He said he was still eager to reach an agreement on deficit reduction with Republicans but won't go along with more tax cuts for the wealthy. Nor would he go along with any plan to turn Medicare into a voucher program or to turn Social Security over to Wall Street.
Obama warned that much of what he has accomplished could disappear if he is defeated, but he said he hasn't given up hope.
"I have never been more hopeful about America. Not because I think I have all the answers. Not because I'm naive about the magnitude of our challenges," he said. "I'm hopeful because of you."
Immediately after the speech, Republican National Committee Chairman Reince Priebus released a memo titled "We Can Do Better."
"In 2008, Barack Obama had no record. His campaign was based solely on words," Priebus wrote. "This time, words won't suffice. There's a clear record, and it's clear we can do better. 'Incomplete' is inadequate," he said.
Romney campaign manager Matt Rhoades said after the speech that the choice in November would be clear for voters.
"Americans will hold President Obama accountable for his record - they know they're not better off and that it's time to change direction," Rhoades said in a statement.
The GOP also ripped Obama's promises as recycled ones that he's already failed to deliver on.
Earlier Thursday, Vice President Joseph Biden delivered a long-winded testimony to the president's character in his speech.
"This man has courage in his soul, compassion in his heart and a spine of steel," Biden said.
On the final night here, Biden fully embraced his role as party attack dog, describing in detail two conflicts the president confronted in his first term.
"Because of all the actions he took, because of the calls he made and because of the grit and determination of American workers, and the unparalleled bravery of our special forces, we can now proudly say - Osama bin Laden is dead, and General Motors is alive," Biden said.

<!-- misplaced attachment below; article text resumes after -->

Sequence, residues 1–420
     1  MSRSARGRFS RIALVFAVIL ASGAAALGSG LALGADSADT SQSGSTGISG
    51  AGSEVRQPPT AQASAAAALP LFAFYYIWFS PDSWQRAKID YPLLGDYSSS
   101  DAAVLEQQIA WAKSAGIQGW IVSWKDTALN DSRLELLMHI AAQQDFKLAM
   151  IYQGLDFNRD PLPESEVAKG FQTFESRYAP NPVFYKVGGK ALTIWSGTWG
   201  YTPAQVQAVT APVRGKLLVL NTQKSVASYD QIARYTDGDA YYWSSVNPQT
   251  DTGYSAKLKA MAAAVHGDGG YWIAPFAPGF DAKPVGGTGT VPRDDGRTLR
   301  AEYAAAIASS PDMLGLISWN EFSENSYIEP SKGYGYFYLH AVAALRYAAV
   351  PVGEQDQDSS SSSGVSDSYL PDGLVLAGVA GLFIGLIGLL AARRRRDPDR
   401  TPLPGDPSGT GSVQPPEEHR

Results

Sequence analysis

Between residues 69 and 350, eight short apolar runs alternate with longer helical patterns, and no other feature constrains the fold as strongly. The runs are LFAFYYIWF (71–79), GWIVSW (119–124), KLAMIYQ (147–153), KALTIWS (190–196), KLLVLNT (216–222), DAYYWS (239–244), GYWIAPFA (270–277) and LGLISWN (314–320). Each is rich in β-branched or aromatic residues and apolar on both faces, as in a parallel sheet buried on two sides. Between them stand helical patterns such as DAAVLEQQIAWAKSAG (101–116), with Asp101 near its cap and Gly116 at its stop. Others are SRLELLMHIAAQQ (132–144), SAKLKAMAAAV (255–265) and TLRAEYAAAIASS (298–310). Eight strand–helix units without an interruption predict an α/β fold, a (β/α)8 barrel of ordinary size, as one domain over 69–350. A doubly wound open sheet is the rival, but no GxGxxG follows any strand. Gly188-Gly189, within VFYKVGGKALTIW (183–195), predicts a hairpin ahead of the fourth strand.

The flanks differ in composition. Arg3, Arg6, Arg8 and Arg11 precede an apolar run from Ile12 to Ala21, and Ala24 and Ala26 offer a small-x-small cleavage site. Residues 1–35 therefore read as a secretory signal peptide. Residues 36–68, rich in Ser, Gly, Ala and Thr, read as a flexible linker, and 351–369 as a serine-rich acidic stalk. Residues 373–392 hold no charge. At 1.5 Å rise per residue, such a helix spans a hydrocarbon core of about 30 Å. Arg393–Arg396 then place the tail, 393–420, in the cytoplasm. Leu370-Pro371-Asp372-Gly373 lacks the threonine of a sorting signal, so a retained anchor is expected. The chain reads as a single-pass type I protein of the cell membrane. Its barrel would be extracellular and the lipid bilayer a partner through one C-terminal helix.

Throughout the last night of the convention, Democratic officials paraded across to the podium to deliver their tailored critiques of Romney. Sen. John Kerry (Mass.) assailed the Republican presidential nominee from his home state for his lack of foreign policy, giving one of the most energetic and blistering critiques of Romney so far.
In another unexpectedly strong performance, former Michigan Gov. Jennifer Granholm roused the crowd with her defense of the auto industry. In a speech filled with fist-pumping and leg-kicking, Granholm struck a populist tone in her depiction of a GOP nominee who does not understand middle-class plight.
"In Mitt Romney's world, the cars get the elevator and the workers get the shaft," she said, in what may have been the line of the night.
Lois Lerner, director of exempt organizations for the IRS, arrives for a House Oversight and Government Reform Committee hearing on the investigation of the IRS' targeting of political groups. Lerner invoked her Fifth Amendment right to not testify and caused a protest from some committee members when she offered an opening statement and engaged in dialogue with members before invoking the right.
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